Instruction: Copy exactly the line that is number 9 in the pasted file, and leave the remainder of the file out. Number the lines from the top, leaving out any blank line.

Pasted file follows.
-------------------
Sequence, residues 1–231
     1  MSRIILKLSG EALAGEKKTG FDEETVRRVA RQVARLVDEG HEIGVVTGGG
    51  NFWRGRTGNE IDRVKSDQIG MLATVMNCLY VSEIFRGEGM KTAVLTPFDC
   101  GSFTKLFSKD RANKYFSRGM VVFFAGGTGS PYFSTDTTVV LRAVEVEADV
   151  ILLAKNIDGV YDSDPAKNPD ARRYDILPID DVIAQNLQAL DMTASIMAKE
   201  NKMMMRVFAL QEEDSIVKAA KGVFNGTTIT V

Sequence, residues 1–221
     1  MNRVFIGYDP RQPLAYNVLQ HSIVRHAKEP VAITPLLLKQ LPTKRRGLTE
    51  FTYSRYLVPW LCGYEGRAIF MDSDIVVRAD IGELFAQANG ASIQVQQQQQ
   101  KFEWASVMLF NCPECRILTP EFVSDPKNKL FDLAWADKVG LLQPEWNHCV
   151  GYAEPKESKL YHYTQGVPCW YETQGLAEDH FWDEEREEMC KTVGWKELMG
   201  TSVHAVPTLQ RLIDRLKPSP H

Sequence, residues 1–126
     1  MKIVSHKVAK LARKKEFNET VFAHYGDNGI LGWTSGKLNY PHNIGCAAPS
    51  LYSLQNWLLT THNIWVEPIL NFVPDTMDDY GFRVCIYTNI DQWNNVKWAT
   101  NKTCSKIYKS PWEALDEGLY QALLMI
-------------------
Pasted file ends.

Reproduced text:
    51  FTYSRYLVPW LCGYEGRAIF MDSDIVVRAD IGELFAQANG ASIQVQQQQQ